2017 WL 1046116
United States Court of Appeals,
THE HOPI TRIBE, a federally recognized Indian Tribe, Petitioner,
U.S. ENVIRONMENTAL PROTECTION AGENCY, Respondent,
SALT RIVER PROJECT AGRICULTURAL IMPROVEMENT AND POWER DISTRICT; NAVAJO NATION; CENTRAL ARIZONA WATER CONSERVATION DISTRICT; GILA RIVER INDIAN COMMUNITY, Respondents-Intervenors.
Argued and Submitted November 18, 2016 San Francisco, California
Filed March 20, 2017
On Petition for Review of an Order of the Environmental Protection Agency
Attorneys and Law Firms
COUNSEL, Anne E. Lynch (argued) and Michael D. Goodstein, Hunsucker Goodstein PC, Washington, D.C.; David M. Waterman, Catherine Wright, and Karen Pennington, The Hopi Tribe, Kykotsmovi, Arizona; for Petitioner.
Jennifer S. Neumann (argued), Attorney, Appellate Section; Daniel R. Dertke, Attorney, Environmental Defense Section; John C. Cruden, Assistant Attorney General; Environment & Natural Resources Division, United States Department of Justice, Washington, D.C.; for Respondent.
&Feld LLP, Washington, D.C.; Aaron M. Flynn, Norman W. Fichthorn, and William L. Wehrum, Hunton & Williams LLP, Washington, D.C.; for Respondents-Intervenors.
Before: Mary M. Schroeder, Stephen S. Trott, and John B. Owens, Circuit Judges.
Opinion by Judge Schroeder
*1 The panel denied a petition for review by The Hopi Tribe challenging the Environmental Protection Agency’s federal implementation plan under the Clean Air Act for the Navajo Generating Station in Arizona, which concerned the production of haze that hinders clear views of the Grand Canyon.
The federal implementation plan was promulgated pursuant to the EPA’s Tribal Authority Rule that governs the Clean Air Act’s requirements on tribal land, and the Hopi Tribe objected to a proposed closure of the Station in 2044.
The panel held that the Hopi Tribe’s exclusion from a Technical Working Group, which was a group of stakeholders that developed the proposed Rule, did not violate a duty on the part of the government to consult with the Tribe. The panel held that the record showed that the EPA did consult with the Hopi Tribe during the rulemaking process.
The panel rejected the Tribe’s contention that the EPA failed to analyze each of the five BART factors – the “best available retrofit technology” to reduce emissions from the Station. The panel held that because the Technical Working Group proposal was an alternative to BART, there was no error in the EPA not analyzing the BART factors under the Technical Working Group alternative.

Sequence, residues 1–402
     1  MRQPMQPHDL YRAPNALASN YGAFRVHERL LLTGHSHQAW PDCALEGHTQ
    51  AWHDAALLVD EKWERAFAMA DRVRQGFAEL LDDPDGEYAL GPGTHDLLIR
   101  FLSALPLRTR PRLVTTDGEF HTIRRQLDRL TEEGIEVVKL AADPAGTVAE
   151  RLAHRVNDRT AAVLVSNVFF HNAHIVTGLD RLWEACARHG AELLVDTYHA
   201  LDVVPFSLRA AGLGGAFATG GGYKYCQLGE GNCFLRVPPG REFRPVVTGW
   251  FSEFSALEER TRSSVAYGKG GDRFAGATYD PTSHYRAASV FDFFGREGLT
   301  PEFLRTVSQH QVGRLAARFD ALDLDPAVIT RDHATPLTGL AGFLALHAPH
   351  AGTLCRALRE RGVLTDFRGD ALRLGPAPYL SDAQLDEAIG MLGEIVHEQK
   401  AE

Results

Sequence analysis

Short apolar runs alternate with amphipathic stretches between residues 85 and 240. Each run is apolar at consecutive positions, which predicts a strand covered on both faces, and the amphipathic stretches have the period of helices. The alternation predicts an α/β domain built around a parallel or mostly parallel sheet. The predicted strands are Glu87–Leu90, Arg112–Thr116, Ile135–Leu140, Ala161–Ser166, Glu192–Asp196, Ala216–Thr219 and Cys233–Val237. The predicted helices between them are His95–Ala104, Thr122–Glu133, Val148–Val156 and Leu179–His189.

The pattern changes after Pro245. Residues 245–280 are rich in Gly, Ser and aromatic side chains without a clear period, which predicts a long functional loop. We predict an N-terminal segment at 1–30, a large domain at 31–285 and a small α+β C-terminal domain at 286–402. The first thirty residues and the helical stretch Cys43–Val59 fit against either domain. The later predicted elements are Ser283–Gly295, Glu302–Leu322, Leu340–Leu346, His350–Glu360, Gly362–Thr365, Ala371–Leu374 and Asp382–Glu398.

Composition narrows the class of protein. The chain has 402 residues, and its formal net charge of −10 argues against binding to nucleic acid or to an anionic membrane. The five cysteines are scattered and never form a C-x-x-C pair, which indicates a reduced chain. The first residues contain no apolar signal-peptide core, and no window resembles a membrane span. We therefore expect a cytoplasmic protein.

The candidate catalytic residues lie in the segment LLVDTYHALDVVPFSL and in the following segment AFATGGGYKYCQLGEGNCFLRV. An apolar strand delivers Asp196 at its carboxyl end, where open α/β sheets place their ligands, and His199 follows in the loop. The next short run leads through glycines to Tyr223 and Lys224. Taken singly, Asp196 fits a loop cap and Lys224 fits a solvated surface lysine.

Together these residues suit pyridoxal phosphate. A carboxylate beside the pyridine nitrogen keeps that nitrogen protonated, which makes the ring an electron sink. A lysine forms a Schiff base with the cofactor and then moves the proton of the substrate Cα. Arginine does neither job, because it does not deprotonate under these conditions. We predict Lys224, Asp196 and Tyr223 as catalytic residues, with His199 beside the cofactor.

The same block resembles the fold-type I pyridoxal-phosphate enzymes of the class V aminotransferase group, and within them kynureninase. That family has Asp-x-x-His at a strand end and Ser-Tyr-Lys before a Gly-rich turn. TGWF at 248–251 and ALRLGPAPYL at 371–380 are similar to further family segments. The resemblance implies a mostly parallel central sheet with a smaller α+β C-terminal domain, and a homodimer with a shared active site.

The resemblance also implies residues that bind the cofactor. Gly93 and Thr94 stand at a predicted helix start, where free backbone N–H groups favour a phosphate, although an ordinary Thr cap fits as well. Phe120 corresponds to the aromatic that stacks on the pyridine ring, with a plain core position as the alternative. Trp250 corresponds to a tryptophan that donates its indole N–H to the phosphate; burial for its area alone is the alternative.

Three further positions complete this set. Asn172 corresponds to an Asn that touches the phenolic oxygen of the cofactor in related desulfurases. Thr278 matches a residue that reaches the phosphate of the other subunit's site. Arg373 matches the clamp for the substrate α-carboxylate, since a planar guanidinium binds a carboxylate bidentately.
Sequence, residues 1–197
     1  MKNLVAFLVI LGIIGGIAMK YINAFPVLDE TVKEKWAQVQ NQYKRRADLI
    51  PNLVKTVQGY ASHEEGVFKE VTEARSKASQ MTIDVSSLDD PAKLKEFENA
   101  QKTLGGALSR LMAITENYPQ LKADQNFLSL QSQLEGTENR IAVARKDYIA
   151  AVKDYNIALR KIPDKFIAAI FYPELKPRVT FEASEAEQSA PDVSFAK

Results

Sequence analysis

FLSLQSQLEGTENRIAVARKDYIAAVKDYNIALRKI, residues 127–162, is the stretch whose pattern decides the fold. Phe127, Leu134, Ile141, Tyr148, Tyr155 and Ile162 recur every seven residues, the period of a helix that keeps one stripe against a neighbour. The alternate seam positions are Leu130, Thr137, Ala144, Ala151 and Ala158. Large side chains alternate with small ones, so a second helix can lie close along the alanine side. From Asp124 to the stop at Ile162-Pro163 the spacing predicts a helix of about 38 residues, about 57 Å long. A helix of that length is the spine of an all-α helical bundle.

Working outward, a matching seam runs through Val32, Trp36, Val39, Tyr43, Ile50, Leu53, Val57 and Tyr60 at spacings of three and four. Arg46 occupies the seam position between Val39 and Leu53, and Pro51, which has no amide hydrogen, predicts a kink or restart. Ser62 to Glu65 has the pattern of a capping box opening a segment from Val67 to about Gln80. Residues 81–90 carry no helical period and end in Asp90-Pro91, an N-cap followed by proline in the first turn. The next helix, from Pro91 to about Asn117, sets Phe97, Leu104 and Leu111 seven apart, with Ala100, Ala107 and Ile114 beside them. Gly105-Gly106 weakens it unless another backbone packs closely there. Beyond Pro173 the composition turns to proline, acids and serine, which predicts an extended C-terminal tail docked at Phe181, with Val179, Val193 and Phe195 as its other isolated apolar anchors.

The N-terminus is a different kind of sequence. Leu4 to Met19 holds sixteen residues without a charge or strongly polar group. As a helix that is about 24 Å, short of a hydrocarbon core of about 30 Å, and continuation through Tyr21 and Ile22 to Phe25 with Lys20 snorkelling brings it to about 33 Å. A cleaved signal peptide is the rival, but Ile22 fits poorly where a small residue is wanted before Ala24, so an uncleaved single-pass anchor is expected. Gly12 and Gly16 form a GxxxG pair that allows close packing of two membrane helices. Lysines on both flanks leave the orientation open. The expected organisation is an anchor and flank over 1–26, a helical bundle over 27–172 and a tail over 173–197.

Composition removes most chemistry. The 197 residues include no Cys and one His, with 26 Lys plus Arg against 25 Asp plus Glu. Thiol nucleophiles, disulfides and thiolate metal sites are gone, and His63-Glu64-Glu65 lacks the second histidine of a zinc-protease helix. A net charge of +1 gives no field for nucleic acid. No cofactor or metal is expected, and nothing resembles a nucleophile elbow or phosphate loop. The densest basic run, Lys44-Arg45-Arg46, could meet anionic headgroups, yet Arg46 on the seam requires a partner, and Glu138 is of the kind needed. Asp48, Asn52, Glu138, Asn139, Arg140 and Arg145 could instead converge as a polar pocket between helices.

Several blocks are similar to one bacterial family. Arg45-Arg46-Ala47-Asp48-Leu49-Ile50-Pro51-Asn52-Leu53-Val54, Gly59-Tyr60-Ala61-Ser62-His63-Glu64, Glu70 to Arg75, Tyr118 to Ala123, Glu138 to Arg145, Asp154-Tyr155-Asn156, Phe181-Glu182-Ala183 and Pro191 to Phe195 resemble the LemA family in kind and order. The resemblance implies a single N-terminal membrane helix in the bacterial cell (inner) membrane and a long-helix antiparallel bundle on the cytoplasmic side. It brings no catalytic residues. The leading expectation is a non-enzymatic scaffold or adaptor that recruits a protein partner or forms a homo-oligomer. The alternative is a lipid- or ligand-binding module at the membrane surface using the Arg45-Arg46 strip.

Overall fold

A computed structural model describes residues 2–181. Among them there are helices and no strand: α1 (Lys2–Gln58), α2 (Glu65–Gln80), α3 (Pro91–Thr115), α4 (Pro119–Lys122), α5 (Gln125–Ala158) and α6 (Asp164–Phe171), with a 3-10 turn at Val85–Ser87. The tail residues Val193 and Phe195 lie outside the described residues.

SCHROEDER, Circuit Judge:
The Hopi Tribe petitions for review of the Environmental Protection Agency’s (“EPA”) federal implementation plan (“FIP”) under the Clean Air Act (“CAA”) for the Navajo Generating Station (“Station”) in Arizona. The station is operated by a consortium of utilities led by the Salt River Project and under a lease from the Navajo Nation that expires in 2019. It is a coal-fired plant that uses coal for which the Hopi Tribe receives royalties. The FIP was promulgated pursuant to the EPA’s Tribal Authority Rule that governs CAA requirements on tribal lands. The Hopi contend the Tribe was not adequately consulted about its interests before the plan was promulgated and object to a proposed closure of the Station in 2044.
Before us as well are petitions from environmentalists. They claim the continued operation of the Station harms their environmental interests. We deny the Hopi’s petition and we also deny the environmentalists’ petitions in a related opinion filed today. See Yazzie v. Environmental Protection Agency, — F.3d —, Nos. 14-73100, 14-73101, 14-73102 (9th Cir. 2017).
The background of this dispute is explained more fully in our accompanying opinion in Yazzie. This FIP resulted from the 1990 CAA amendments that expanded the CAA to combat regional haze. Clean Air Act, Amendments, Pub. L. N. 101-549, 104 Stat. 2399 (1990). A subject of particular concern in the operation of the Station is the production of haze that hinders clear views of the Grand Canyon. The Station is a major source of emissions that implementation plans promulgated pursuant to the CAA must reduce. The reductions must be made by identifying the best available retrofit technology (“BART”) and installing it or better technology, known as a BART alternative. 40 C.F.R. § 51.308(e); see also Cent. Ariz. Water Conservation Dist. v. EPA, 990 F.2d 1531, 1543 (9th Cir. 1993).